What is Guided Pathways?
Guided Pathways is a research-based approach that simplifies choices for students.
Courses are grouped together to form clear paths through college and into careers, whether students enter those careers directly after graduation or transfer to a university for more study in their chosen fields. Students get intensive, targeted advising to choose a path, stay on the path, learn what they need to know and graduate.
In Washington state, our Guided Pathways efforts are focused on helping more of our students — especially low-income, first-generation students and students of color — earn credentials to prepare them for entry into higher-paying, high-demand fields with value in the labor market.
The Four Design Principles of Guided Pathways
Clarify the paths
Clearly mapping out every program, indicating which courses students should take in what sequence and highlighting courses that are critical to success, along with “cocurricular” requirements and progress milestones. For each program, provide detailed information is provided on the employment opportunities targeted by the program and the transfer requirements for bachelor’s programs in related fields.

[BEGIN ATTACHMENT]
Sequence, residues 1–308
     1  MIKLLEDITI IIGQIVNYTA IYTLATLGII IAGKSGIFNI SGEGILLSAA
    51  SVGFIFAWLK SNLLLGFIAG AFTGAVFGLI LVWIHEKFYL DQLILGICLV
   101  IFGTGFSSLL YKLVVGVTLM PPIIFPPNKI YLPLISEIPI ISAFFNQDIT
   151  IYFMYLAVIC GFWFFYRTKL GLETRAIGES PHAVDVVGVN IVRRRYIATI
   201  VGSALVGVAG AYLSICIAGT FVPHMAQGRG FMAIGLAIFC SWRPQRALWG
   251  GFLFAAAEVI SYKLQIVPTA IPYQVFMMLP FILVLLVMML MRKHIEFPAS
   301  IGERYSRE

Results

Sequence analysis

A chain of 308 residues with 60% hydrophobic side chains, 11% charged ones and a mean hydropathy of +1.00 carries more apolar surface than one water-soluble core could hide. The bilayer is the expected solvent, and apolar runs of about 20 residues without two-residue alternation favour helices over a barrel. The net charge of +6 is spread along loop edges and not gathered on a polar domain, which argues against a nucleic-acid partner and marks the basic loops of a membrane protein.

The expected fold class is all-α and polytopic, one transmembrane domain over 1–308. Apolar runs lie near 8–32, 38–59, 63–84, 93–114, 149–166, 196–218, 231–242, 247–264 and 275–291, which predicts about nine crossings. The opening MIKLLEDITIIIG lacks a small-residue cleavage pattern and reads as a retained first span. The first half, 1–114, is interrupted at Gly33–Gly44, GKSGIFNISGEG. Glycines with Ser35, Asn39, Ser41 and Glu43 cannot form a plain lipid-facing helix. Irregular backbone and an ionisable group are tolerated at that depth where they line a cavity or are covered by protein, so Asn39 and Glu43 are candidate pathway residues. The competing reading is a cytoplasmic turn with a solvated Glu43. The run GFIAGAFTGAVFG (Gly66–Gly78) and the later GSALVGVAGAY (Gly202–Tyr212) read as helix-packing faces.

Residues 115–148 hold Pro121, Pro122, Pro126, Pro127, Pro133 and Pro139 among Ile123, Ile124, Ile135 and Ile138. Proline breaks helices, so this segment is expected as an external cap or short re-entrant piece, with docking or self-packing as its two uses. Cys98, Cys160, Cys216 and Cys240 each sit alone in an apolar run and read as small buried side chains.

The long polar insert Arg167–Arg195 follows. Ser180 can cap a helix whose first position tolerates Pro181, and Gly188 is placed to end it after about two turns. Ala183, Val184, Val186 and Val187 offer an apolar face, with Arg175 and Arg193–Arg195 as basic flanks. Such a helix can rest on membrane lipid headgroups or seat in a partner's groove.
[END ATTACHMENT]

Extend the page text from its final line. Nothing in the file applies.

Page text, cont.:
Help students get on a path
From the moment of entry, Students are shown all the career and program options within their metamajor, and with guidance, develops an individual educational plan. Courses are re-designed and supports are put in place to enable students to complete college-level math and English courses, appropriate to their intended field of study, ideally within their first year of study.
Help students stay on the path
Through intensive advising, student progress is closely monitored in order to keep them on their path, assist them if they want to choose another path, intervene when they go off the path. Assistance is provided to students who are unlikely to be accepted into limited-access programs to redirect them to a more viable path to credentials and a career.
Ensure students are learning
Program learning outcomes are aligned with the requirements for success in further education and employment in a related field. Faculty use the results of learning outcomes assessments to improve the effectiveness of instruction in their programs. A key focus of teaching in the pathways model is attention to collaborative, active learning that is relevant to the student’s field of interest. This includes teaching and learning in the classroom as well as learning that takes place outside the classroom, such as through internships or service learning.
Adapted from "Implementing Guided Pathways: Early Insights From the AACC Pathways Colleges." Davis Jenkins, Hana Lahr, John Fink. Community College Research Center (CCRC), Teachers College, Columbia University. April 2017.
Second Cohort RFA for the Guided Pathways Initiative
Last Modified: 11/3/17 1:58 PM